Hairstyle Discrimination Banned in New Jersey

January 29, 2020

On December 29, 2019, New Jersey became the third state to ban hairstyle discrimination, joining California and New York. The new law, the Create a Respectful and Open Workspace for Natural Hair Act (“CROWN Act”), amends the New Jersey Law Against Discrimination (“NJLAD”).

The CROWN Act adds “traits historically associated with race, including, but not limited to, hair texture, hair type, and protective hairstyles,” to the definition of race under the NJLAD. This amendment essentially codifies a New Jersey Division on Civil Rights guidance which stated that “hairstyles closely associated with Black people” including “twists, braids, cornrow, Afros, locs, Bantu knots, and fades,” are now considered protected racial characteristics under the NJLAD. The new law also protects hairstyles associated with particular religions such as payot worn by Orthodox Jewish men and Sikh persons who wear uncut hair. The new law makes it illegal to target people at work, school, or other places of public accommodation based on these traits.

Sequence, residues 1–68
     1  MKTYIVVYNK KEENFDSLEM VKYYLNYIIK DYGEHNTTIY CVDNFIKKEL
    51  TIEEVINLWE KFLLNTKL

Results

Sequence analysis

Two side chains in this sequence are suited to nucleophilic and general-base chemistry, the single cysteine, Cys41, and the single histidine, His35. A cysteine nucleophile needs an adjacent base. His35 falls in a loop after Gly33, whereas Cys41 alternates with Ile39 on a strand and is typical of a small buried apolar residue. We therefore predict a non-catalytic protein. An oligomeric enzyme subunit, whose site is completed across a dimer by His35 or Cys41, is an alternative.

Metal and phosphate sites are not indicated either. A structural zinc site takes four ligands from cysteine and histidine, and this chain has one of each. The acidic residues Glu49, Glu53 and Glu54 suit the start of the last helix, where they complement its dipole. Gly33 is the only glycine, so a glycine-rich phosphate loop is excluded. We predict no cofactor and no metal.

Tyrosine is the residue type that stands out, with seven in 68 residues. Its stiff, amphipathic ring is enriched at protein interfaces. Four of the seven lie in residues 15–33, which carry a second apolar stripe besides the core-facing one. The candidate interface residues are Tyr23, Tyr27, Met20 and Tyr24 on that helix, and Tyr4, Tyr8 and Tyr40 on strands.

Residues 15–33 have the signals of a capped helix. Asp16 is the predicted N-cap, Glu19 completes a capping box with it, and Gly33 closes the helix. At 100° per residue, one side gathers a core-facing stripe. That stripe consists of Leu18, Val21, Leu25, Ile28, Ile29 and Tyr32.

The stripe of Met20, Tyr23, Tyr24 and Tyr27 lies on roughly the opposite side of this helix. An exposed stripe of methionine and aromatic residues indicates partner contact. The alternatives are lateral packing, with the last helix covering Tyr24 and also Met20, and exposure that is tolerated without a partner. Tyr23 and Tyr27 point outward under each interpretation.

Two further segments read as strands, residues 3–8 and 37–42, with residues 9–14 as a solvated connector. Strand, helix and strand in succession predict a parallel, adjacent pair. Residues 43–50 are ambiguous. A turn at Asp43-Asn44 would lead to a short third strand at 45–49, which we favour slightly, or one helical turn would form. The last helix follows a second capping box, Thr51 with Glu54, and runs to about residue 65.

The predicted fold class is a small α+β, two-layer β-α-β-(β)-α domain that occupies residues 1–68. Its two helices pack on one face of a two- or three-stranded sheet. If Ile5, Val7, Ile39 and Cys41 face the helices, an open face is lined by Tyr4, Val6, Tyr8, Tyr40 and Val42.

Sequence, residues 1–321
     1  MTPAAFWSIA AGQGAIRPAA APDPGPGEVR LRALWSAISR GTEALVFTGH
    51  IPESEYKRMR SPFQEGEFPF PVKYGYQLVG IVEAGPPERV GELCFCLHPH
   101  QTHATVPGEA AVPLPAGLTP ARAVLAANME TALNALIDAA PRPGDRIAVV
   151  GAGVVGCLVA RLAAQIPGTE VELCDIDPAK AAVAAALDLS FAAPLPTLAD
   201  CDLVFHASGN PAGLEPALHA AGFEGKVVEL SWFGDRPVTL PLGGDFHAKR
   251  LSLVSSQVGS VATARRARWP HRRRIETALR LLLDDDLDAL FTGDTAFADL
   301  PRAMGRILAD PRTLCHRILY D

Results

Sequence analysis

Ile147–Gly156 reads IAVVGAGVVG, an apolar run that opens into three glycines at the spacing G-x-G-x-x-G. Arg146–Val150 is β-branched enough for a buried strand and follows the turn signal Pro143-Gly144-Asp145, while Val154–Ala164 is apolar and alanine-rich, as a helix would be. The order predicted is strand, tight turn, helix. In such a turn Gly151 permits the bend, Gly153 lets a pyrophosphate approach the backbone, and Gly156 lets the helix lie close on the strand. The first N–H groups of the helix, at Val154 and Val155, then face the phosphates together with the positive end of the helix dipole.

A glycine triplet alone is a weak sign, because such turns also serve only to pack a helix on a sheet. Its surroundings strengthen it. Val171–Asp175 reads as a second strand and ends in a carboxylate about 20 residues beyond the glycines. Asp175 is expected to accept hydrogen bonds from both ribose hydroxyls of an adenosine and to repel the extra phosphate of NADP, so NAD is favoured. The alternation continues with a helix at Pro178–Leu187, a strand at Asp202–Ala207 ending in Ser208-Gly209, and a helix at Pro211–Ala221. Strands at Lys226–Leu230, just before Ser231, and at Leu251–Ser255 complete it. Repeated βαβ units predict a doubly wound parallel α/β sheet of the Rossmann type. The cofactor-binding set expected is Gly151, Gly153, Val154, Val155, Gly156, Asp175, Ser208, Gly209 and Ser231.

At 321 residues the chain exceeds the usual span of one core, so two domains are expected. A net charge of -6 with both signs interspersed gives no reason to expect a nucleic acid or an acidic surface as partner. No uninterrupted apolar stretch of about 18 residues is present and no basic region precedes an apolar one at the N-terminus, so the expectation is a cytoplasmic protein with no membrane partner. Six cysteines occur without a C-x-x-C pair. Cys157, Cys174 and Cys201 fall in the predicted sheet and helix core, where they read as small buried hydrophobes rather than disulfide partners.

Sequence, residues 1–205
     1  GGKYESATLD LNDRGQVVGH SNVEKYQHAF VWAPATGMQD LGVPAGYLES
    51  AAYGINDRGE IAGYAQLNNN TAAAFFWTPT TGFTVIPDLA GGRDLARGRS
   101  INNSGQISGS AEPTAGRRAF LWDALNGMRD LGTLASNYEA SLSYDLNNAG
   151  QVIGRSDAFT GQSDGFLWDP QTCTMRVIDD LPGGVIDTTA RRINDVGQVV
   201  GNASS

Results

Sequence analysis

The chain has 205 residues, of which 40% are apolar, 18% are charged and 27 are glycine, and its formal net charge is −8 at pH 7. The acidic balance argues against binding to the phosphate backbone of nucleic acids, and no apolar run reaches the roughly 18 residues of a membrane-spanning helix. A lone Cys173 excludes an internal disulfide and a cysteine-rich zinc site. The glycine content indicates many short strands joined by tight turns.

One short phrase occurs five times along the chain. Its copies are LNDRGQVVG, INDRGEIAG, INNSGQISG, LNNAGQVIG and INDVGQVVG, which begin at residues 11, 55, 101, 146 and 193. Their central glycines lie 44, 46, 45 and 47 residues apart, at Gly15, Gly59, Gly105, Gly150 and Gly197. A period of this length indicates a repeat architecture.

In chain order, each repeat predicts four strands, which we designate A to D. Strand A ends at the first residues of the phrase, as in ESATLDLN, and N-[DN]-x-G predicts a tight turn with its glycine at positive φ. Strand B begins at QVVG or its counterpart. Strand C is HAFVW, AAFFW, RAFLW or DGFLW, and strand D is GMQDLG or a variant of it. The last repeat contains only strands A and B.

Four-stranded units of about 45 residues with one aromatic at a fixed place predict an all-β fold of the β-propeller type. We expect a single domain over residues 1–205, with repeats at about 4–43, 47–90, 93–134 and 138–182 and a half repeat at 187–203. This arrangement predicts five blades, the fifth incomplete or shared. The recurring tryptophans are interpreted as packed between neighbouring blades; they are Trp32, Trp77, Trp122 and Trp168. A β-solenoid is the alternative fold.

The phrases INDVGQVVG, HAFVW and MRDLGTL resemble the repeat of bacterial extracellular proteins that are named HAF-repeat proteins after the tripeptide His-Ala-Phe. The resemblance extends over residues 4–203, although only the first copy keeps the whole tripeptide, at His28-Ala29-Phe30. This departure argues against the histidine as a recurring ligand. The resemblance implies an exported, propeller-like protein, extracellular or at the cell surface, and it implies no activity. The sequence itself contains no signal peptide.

New Jersey employers need to review their workplace grooming and appearance policies to ensure compliance with the CROWN Act. Employers may consider diversity and inclusion training for individuals responsible for drafting or enforcing grooming policies. In addition, with a growing number of states and cities enacting hairstyle discrimination bans, employers throughout the country are advised to review these policies to prevent any potential discriminatory language or enforcement.

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